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What Is a Special Needs Trust?

Posted by Susan Katzen | Jun 23, 2020 | 0 Comments

If a person with special needs has assets — perhaps from a lawsuit award or settlement or from a gift or inheritance – those assets can disqualify the person from receiving essential public benefits like Medicaid and Supplemental Security Income (SSI).  A special needs trust can allow the person with special needs – the trust's beneficiary — to remain eligible for needs-based public benefits while at the same time preserving the assets to enhance the beneficiary's quality of life.

Special needs trusts are intended to supplement, not replace, the kind of basic support that programs like Medicaid and SSI provide. Such trusts pay for anything the trust document provides for, including comforts and luxuries that meager public assistance funds don't cover — hence the term “special needs.”  A special needs trust has been likened to a “parent's pocket” — that is, it pays for the kinds of things that a parent would just reach into his or her pocket to cover. These trusts typically pay for amenities beyond the simple necessities of life, things like education, recreation, counseling, and medical attention.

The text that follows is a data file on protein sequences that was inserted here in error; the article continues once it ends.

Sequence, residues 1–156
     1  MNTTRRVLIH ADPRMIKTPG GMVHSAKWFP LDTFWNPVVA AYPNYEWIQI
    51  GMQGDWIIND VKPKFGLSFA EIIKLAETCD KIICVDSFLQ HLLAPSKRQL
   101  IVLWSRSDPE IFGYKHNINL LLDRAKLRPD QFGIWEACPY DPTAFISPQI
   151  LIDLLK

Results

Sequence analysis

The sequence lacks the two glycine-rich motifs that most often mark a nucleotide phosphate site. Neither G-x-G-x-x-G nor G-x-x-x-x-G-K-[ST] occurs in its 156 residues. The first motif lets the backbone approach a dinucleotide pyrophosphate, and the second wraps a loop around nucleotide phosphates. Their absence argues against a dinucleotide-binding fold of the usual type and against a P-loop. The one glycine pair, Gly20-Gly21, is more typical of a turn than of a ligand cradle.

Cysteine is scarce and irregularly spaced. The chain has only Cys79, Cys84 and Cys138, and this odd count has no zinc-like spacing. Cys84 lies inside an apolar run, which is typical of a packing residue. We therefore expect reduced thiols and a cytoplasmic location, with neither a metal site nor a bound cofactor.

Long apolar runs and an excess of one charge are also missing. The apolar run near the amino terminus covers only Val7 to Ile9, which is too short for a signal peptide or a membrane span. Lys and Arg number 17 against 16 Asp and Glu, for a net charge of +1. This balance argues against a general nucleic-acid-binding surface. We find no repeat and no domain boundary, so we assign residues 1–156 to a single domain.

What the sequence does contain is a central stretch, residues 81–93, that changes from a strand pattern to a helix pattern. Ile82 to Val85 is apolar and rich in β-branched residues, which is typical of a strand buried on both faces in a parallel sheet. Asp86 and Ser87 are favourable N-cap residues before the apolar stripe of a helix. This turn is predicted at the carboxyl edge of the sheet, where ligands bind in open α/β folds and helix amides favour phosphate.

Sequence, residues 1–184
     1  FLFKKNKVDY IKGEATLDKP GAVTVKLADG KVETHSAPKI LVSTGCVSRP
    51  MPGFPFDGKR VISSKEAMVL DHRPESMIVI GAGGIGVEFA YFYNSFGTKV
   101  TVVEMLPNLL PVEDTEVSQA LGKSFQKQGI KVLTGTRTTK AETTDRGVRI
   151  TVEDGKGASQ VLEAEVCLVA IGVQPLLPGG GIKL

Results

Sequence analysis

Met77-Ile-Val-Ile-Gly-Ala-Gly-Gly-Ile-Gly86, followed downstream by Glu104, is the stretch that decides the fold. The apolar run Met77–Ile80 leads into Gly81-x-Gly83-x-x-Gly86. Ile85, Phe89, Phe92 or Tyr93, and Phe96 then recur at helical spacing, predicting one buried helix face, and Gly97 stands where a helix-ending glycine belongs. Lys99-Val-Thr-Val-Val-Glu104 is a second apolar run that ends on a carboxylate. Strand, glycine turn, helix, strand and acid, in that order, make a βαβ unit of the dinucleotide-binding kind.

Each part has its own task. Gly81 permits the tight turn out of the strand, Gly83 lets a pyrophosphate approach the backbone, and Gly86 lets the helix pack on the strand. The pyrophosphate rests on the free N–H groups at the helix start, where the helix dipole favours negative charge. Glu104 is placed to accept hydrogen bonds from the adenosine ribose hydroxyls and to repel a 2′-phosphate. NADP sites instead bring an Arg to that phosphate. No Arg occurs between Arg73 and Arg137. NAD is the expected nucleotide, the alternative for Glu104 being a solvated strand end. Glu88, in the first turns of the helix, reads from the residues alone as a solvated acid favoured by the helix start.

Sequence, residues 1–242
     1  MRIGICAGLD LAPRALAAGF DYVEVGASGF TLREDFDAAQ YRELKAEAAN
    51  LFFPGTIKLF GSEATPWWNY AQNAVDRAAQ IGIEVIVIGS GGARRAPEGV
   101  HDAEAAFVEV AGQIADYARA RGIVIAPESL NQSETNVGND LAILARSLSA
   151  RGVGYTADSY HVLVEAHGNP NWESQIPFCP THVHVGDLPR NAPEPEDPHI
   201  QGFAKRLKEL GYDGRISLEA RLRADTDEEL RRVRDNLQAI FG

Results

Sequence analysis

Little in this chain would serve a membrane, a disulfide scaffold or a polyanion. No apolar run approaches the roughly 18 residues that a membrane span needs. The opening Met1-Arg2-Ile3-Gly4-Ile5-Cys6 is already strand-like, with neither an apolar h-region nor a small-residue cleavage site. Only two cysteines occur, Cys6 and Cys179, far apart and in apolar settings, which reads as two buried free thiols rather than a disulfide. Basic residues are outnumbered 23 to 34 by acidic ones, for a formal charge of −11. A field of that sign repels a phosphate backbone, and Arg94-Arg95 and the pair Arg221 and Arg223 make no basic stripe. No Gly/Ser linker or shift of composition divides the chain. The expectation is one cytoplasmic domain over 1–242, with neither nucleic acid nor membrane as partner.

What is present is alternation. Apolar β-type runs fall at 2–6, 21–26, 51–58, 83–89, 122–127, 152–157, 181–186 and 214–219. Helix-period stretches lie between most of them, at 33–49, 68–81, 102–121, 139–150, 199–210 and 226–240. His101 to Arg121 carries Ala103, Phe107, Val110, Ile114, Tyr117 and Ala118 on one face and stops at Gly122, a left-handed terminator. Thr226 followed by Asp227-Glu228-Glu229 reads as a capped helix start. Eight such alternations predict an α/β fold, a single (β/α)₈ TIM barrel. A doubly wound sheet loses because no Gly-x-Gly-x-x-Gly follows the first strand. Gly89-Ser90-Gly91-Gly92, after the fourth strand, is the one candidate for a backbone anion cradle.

Funds held in a properly drafted special needs trust should not affect a Medicaid or SSI recipient's benefits. But problems can develop when funds from a special needs trust are spent. Because the rules are very complicated, it is best to always sit down with your special needs planner to discuss what you intend to do with your trust before making any payments to anyone.

There are two main types of special needs trusts: first-party and third-party trusts.  First-party (or “self-settled”) trusts are used when the trust assets belong to the person with special needs, perhaps from an award or settlement.  Third-party trusts are generally used when a parent or guardian wishes to establish and fund a trust for the benefit of the person with special needs, usually a minor child.  A third kind of trust, a “pooled trust,” contains the funds of many people with special needs and may be appropriate for some people.

A qualified special needs planner can walk you through the pros and cons of each type of trust and help you to properly establish one.

For more on special needs trusts, contact our office at (714)374-2244

About the Author

Susan Katzen

"I firmly believe our clients should be treated the way I would want my own family members to be treated. As a result, not only have I put together a compassionate and highly skilled team of people, but together we have served families from the grandparents down to the grandchildren. My staff and...

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